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31 May 17

How to Prevent Dehydration – ToolBox Talks

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Heat Stress Tool Box Talks Water

In 2014, OSHA kicked off an annual campaign to train and educate workers about heat stress management called Water. Rest. Shade. The following post will focus on water.

Download the Toolbox Talk PDF (Topic: Water) on the signs/symptoms of dehydration and effective hydration strategies to share with your crew.

Since heat stress often results from dehydration, staying properly hydrated is among the best ways to keep cool on a hot jobsite.

A hydrated body can thermoregulate better than a dehydrated one. As the body’s internal temperature increases, it sweats to dissipate heat and lower body temperature.

Water helps replenish the moisture lost through sweat. As a general guideline, the recommended amount of water intake is one quart per hour of active work or exercise for the average adult. That is the equivalent of 128 ounces (3.78 liters) every four hours at minimum. Per OSHA, it’s also suggested that the water intake be distributed over time (every 15 minutes during a shift).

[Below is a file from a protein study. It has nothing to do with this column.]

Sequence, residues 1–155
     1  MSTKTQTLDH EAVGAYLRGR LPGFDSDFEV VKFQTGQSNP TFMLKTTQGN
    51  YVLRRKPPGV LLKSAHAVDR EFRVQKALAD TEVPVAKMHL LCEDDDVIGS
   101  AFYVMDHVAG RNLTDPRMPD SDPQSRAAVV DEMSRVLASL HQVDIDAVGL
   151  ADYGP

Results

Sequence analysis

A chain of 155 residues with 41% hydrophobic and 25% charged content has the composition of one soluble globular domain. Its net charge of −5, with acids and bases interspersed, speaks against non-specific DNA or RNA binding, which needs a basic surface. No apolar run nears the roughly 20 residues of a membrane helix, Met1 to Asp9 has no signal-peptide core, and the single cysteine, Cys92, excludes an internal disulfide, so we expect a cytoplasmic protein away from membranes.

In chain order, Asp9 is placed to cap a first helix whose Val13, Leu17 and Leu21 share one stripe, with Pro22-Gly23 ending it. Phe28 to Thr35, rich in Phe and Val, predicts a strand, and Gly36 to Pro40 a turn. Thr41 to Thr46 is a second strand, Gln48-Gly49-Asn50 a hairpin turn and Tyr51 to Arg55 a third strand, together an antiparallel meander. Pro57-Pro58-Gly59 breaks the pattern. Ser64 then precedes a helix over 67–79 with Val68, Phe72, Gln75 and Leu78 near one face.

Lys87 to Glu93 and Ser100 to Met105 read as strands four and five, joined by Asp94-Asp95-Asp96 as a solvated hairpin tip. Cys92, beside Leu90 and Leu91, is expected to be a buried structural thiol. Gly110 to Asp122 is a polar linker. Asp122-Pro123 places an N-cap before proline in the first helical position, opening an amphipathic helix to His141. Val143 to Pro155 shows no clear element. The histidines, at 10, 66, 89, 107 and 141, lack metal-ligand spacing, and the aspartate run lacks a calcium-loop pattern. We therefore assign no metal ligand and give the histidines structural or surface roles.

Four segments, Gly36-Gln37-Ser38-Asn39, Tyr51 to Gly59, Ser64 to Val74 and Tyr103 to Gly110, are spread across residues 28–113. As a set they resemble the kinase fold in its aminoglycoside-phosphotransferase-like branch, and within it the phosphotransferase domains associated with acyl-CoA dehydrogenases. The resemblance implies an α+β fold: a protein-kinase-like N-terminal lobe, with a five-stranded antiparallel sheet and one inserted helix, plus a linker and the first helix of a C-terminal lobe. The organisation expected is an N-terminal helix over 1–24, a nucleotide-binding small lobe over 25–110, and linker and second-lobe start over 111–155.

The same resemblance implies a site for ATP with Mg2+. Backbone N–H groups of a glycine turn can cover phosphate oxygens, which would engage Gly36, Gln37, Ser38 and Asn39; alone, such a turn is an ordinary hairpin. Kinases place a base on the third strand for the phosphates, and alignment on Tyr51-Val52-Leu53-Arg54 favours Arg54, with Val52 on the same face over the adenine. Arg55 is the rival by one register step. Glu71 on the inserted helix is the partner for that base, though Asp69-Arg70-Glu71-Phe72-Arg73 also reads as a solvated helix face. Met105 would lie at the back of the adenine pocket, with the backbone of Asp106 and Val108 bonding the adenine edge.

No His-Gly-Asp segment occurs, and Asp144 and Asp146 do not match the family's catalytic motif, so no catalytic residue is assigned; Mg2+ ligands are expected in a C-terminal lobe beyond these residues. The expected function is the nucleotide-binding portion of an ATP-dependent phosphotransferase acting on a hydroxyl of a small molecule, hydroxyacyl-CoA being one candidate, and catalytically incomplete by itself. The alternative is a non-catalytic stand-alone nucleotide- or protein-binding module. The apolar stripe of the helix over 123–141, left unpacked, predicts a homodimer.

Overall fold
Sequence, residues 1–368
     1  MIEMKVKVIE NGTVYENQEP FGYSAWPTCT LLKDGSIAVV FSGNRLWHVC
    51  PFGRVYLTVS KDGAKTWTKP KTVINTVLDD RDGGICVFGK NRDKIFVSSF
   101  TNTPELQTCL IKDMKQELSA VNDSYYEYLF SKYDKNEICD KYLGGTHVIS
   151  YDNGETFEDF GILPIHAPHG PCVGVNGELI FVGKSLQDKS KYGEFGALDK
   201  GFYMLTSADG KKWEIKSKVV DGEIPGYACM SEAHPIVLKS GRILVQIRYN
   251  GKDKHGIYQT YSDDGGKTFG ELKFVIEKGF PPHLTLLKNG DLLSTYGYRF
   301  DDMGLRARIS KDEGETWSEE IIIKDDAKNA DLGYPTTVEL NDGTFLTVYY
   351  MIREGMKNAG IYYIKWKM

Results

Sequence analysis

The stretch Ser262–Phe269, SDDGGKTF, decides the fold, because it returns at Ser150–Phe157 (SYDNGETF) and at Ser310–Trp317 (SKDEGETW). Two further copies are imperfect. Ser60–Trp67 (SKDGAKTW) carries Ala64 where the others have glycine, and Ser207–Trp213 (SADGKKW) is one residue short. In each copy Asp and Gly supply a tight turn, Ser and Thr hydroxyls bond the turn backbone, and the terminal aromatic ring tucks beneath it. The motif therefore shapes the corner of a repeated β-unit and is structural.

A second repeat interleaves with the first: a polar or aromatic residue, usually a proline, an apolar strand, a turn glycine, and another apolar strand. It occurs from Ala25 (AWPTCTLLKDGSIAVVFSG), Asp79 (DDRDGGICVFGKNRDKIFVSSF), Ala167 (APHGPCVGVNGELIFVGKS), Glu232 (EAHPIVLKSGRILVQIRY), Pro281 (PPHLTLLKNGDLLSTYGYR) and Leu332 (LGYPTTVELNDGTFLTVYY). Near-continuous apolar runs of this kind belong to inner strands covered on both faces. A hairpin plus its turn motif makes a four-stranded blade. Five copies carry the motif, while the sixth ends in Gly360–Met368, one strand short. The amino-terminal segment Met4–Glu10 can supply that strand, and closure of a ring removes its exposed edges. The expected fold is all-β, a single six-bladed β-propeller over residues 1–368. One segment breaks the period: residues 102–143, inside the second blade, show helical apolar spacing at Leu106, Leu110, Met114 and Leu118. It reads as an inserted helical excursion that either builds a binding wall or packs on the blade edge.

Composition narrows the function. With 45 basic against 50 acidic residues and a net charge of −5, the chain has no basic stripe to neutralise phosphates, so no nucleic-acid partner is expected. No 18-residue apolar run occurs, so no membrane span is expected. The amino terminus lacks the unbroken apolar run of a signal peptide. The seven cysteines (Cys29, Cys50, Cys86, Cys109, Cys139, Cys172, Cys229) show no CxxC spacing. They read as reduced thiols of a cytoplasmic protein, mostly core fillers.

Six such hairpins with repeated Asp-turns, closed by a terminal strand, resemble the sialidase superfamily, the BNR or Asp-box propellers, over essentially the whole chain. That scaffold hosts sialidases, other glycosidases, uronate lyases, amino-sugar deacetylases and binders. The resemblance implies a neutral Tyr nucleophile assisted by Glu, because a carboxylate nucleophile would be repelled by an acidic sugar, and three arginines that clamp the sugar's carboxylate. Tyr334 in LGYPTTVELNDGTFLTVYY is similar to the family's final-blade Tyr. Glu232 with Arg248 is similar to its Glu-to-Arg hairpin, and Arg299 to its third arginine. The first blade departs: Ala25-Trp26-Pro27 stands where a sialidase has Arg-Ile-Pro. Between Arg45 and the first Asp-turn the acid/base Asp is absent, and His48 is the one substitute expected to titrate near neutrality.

Dehydration can occur easily in a hot environment as you sweat. Water is also lost every time you go to the bathroom and when you breathe by exhaling moisture.

Without sufficient water, even mild dehydration can drain energy, cause fatigue and impair mental alacrity.

Signs of dehydration may include:

  • Thirst
  • Fatigue
  • Dark colored urine
  • Less frequent urination
  • Muscle cramps
  • Nausea, dizziness or confusion
  • Hot, dry skin

But if you are working in high altitude or dry climate, thirst may not be a good indicator of dehydration. Plus, reduced thirst – perhaps due to changes in hormones and depleted dopamine levels as we age – leads to us drink less frequently.

Urine color is perhaps the best indicator of hydration level. Pale yellow to clear is normal and indicates good hydration. A pale honey, transparent color indicates normal hydration, but it may mean that rehydration may be necessary soon. A yellow, more cloudy color means the body needs water, while a dark yellow color isn’t healthy at all.

Here are a few handy hydration tips:

  • Keep a bottle of water handy and drink from it throughout the day. Continuous sipping of fluids is better than infrequent chugging!
  • Enhance your water intake with an electrolyte solution, sports drink, or salty snack.
  • Drink water before, during, and after your shift.
  • To make drinking water a habit, start and end each day with a glass.

Drinking water has a host of health benefits and the more workers can remember to do it, the better they’ll be able to beat the heat.

Toolbox Talks - Heat Stress